It cracks me up that the current business mischief affecting the economy are often attributed to a “perfect storm” of events, and not simply as a matter of corporate malfeasance. It seems that if a conflation of events did not occur, we would never have known about the underlying accounting problems. I don’t think it is problem of accounting irregularities, but a systemic character of capitalism (hyper-capitalism) that there is an incentive to cook the books.
I did a Lexis-Nexis search for “a perfect storm” and not “movie,” with 155 hits in major newspapers during the last year (the phrase “a perfect storm” is an obvious reference to the movie and book of the same name). Here are some examples of economic events being attributed to “perfect storms” coming together and creating a mess (is the “unseen hand” a “perfect storm”?).
In the “The Boston Globe”, June 30, 2002, by Hiawatha Bray:
You say this telecom slump will continue for at least another year. Why? A. We’re in the middle of a perfect storm, as far as technology is concerned. Many forces have come together simultaneously to put not just the tech market, but any kind of capital spending . . . in a bad situation for corporate America.
From an editorial in “The Jerusalem Post” on June 10, 2002:
Let’s adopt another metaphor. A perfect storm is brewing over Israeli skies. The daily threat of terrorism, growing ever greater in the expectation of a “mega-attack” that could take hundreds of lives is worry enough. A self- inflicted economic tsunami is the last thing this storm- tossed ship needs.
On June 25, 2002 in “The Atlanta Journal and Constitution,” Shelley Emling wrote a story titled “Did Martha weep dirt under the rug”:
And the ripples could spread much wider. Analysts say the country is in the midst of “a perfect storm” — a confluence of business scandals that seem perfectly timed to stir public outrage over corporate greed.
“It’s unfortunate for Martha Stewart this is happening now,” said Jeffrey Klinefelter, an analyst at U.S. Bancorp Piper Jaffray in Minneapolis. “There’s a heightened emphasis on stock trading these days.”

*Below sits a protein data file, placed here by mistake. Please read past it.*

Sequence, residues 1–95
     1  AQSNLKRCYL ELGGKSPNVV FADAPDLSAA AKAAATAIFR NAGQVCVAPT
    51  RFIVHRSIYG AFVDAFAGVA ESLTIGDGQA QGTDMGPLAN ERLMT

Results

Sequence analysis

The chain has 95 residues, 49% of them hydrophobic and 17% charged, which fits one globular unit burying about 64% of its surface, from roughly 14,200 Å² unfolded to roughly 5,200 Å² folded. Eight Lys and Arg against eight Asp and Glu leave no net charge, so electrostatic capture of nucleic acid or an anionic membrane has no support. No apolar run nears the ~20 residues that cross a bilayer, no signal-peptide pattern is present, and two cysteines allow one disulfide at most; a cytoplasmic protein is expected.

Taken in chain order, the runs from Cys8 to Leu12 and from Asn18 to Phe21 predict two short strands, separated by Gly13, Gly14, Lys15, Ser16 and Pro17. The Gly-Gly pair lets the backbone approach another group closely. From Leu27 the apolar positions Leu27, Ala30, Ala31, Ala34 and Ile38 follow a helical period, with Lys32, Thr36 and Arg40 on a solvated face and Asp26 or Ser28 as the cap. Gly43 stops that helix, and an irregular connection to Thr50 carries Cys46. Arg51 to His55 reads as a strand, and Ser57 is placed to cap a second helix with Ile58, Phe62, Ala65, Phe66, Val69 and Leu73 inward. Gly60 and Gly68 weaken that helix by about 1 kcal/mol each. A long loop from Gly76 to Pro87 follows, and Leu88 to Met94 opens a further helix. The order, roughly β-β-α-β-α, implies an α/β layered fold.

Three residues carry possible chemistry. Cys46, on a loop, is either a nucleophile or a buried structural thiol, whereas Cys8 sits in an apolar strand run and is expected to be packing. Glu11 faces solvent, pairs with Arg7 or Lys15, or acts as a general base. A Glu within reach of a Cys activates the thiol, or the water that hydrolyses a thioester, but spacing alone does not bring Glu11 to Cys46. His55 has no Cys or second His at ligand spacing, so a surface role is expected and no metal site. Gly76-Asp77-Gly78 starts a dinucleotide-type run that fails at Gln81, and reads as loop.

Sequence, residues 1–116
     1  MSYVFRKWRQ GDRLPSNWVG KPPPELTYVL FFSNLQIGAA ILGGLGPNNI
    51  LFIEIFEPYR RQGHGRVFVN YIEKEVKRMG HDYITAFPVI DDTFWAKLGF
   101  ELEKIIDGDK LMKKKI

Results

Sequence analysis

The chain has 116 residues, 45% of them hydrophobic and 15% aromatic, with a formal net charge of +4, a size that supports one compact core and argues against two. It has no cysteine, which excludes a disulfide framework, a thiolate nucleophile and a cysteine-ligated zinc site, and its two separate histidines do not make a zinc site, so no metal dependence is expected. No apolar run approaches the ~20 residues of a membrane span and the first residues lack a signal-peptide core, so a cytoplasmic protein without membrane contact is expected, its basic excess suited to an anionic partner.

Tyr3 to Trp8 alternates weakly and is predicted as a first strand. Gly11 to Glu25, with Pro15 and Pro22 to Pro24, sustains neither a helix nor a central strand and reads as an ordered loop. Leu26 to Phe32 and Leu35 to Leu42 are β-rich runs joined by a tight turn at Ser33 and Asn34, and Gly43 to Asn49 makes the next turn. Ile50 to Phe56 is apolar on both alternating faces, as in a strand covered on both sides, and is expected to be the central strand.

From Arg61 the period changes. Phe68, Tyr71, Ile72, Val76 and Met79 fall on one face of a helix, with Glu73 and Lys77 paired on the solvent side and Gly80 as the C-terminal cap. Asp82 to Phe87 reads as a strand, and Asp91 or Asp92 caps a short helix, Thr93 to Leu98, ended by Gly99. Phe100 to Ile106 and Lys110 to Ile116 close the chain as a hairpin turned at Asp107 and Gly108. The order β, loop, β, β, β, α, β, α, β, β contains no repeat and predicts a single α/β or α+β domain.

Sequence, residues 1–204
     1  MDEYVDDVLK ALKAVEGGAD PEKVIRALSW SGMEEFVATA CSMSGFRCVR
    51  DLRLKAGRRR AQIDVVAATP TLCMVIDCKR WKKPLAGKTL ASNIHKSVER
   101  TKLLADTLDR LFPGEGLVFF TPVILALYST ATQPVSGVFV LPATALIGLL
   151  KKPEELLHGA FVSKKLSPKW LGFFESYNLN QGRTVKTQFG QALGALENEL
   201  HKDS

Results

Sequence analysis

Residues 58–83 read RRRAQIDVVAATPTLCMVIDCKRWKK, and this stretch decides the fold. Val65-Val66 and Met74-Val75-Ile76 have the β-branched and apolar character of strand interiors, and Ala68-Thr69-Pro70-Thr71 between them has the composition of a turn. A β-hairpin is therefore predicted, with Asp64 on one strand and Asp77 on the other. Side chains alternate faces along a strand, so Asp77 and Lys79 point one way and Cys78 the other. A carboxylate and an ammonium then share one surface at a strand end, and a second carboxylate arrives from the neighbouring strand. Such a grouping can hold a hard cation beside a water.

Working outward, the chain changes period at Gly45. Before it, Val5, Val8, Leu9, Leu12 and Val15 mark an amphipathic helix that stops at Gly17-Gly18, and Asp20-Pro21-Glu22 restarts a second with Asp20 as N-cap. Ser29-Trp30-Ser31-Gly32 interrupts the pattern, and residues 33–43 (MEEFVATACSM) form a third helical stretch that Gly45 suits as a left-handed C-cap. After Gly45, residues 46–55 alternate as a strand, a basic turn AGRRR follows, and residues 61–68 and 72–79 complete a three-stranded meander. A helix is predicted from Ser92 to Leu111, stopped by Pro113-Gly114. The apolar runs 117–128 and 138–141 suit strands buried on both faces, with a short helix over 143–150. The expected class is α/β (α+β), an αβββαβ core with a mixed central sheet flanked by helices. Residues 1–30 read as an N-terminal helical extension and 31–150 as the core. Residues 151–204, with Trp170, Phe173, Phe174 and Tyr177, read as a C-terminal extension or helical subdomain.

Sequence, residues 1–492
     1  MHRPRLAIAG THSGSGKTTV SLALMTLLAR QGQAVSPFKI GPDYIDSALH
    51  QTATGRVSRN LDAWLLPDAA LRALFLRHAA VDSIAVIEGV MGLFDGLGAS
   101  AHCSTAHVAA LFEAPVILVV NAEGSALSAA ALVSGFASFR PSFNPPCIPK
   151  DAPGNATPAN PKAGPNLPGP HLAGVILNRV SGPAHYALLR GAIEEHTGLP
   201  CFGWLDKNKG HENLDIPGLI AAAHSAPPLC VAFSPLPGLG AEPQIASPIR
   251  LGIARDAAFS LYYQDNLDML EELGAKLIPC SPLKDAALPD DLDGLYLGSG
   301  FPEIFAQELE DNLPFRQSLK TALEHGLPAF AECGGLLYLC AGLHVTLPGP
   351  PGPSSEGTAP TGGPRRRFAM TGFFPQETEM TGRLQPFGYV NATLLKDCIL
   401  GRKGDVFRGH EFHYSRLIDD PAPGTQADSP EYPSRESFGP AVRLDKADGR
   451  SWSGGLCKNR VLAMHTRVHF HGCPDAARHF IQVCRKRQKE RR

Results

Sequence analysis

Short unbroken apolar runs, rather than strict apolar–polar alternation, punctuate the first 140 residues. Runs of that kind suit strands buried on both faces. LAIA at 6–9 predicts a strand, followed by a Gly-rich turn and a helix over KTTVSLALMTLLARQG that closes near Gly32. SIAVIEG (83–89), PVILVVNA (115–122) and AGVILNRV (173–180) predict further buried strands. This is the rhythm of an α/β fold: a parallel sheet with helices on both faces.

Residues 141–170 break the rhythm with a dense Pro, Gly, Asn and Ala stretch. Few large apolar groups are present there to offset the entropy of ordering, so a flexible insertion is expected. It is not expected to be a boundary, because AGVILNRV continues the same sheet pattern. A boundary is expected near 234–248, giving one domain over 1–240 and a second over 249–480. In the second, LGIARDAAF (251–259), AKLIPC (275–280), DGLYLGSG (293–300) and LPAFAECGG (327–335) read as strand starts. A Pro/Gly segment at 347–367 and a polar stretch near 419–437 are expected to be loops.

The “Los Angeles Times” ran the story titled “Andersen Jury Hears Forceful Arguments,” by Jeff Leeds on June 6, 2002:
“The issue isn’t whether they did a perfect job” of destroying all incriminating papers, he said. “They did it because their strategy was … the less, the better. Who knows what kind of hideous documents might be buried in those worker bee files?”
But Hardin, in an often manic four-hour summation, said Andersen drifted into a “perfect storm” of circumstances that made the document destruction appear “suspicious.”
But he insisted the firm’s conduct did not amount to a crime. No one persuaded anyone else to shred documents with the intent of keeping them from the SEC.
“The San Francisco Chronicle,” May 26, 2002, in an article titled: “No sequel in store to state energy crisis”:
“We’re forecasting there should be enough power to meet demand in California this summer,” said Gregg Fishman, spokesman for the California Independent System Operator in Folsom (Sacramento County).
That’s a far cry from late 2000 and much of 2001, when a combination of weather, soaring natural gas prices, a poorly designed market and manipulative power traders conspired to create a “perfect storm” scenario that made supplies tight and prices high.
In a story written by Jerry Hirsch in the “Los Angeles Times” titled “There’s No Accounting for Andersen’s Miscalculations” on May 12, 2002:
The result is turning out to be what proponents of accounting industry reform feared; with the collapse of Andersen, the industry will be concentrated in the hands of four powerful firms.
“There’s been a perfect storm of elements whipping things around,” said Alan Schulman, a veteran class-action securities litigator. “We have all of these forces at work and no one making good decisions.”
In the “Milwaukee Journal Sentinel” on May 5, 2002, in an article titled “A perfect storm”:
The perfect storm. That’s what former Gov. Martin Schreiber calls it. A conjunction of forces never seen before has swept away the political status quo in Milwaukee and Wisconsin. In a land of legendary stability, everything is suddenly up for grabs.
From a story titled “Healthcare again grabs political attention” by David R. Francis in “The Christian Science Monitor” on February 5, 2002:
It’s “a perfect storm,” says Dr. Richard Corlin, president of the American Medical Association. This is a “very serious issue.”
The storm is multifaceted: Washington is trying to hold Medicare payments in check – imposing a 5.4 percent cut in payments to physicians this year – even as medical prices generally are rising at three times the overall US inflation rate. At the same time, the recession means hundreds of thousands of people are losing health insurance along with their jobs.
Tom McGhee wrote “Bankruptcy filings inch past first quarter of volatile 2001” on April 10, 2002, in “The Denver Post”:
Businesses and consumers drifted into the economic equivalent of a perfect storm last year, said Jack Williams, a professor at Georgia State College and the bankruptcy institute’s 2001 scholar-in-residence.
Consumer debt was high with an average credit-card debt of $ 8,367 for every household that had at least one credit card, according to CardWeb.com, which tracks the credit card industry. The high debt burden made it more likely that a weakened economy with its corresponding increase in unemployment would push more people to seek bankruptcy protection.